Smallest Optimizer
Sat, 18 Feb 1995 22:04:00 GMT

          From comp.compilers

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Newsgroups: comp.compilers
Keywords: optimize, question
Organization: Compilers Central
Date: Sat, 18 Feb 1995 22:04:00 GMT

Mammals and birds and reptiles and bugs come in nearly all kinds of
sizes, within some physical or ecological limits. I'm curious about
the range of observed sizes for the beasts we call optimizing
compilers, both the smallest and the largest. Please post to this
newsgroup your sightings of the amazing and the weird, dead or alive.

If the critter you report on requires other unusual organisms (like
code-generator generators, abstract machine translators, or unusual
languages) to reproduce itself, please include the sizes of those
hosts in its lifecycle total biomass.

To distinguish these critters from lower forms of compiler life,
let's say that the main group shares the characteristics of
    o Compiles from an imperative language with arrays, etc;
    o Generates code for a real register machine;
    o Uses those registers in a nontrivial, nonlocal way;
    o Moves or removes work across an entire routine, not just
          within an unconditional sequence of statements; and
    o Does something interesting with loops.

Examples of smallish critters of this kind are Michael Powell's
Modula-2 compiler and Jack Davidson and Manual Benitez's vpcc/vpo
C compiler. Bigger examples are GNU C, the Mips Ucode system, and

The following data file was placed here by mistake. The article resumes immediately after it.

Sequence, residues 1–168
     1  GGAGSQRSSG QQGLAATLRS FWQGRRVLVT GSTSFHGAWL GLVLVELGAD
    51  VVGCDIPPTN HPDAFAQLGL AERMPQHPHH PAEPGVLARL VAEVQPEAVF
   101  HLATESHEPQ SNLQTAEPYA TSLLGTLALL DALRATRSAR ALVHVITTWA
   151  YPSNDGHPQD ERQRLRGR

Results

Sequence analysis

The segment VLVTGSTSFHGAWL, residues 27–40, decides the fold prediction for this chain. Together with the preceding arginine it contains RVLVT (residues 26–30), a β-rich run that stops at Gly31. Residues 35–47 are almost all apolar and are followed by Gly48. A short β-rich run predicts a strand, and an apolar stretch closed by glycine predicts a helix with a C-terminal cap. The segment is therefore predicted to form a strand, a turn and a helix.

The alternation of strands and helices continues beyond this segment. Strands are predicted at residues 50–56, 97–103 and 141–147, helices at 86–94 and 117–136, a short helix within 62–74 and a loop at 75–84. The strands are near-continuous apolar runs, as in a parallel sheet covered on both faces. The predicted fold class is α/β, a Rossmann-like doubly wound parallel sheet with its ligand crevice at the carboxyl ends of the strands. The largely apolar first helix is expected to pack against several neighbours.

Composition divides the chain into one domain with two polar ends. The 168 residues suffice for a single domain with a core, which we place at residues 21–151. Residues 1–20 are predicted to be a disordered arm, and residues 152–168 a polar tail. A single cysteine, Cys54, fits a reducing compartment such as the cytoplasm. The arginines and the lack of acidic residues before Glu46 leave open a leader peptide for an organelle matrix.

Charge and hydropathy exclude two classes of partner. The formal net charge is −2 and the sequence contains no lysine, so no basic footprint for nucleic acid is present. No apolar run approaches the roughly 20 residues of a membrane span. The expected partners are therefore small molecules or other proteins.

Stanford's SUIF system. Fraser and Hanson's tiny "lcc" ANSI C compiler
is excluded because it mostly does only intra-block optimizations.

Ken Thompson's tiny Plan 9 C compiler is barely included. It is
interestingly weird in how it blends the designs and goals for fast
dumb compilers and optimizing compilers. It does classic inter-block
flow optimizations for simple variable references but not for
arbitrary redundant expressions. It trusts the programmer to not
write redundant source code.

Todd Proebsting was recently asking about very fast compilers.
Optimizers could be fast either by doing as little as possible
(maybe giving a small optimizer) or by having a clever and complex
implementation of its methods (maybe giving a larger optimizer).
Optimizers could be small by using simple but inefficient
implementations of its methods. Optimizers could be large because
they cover so many separate optimizations, or they could be large
merely because they were coded by many people.

Where does your critter fit in all this?

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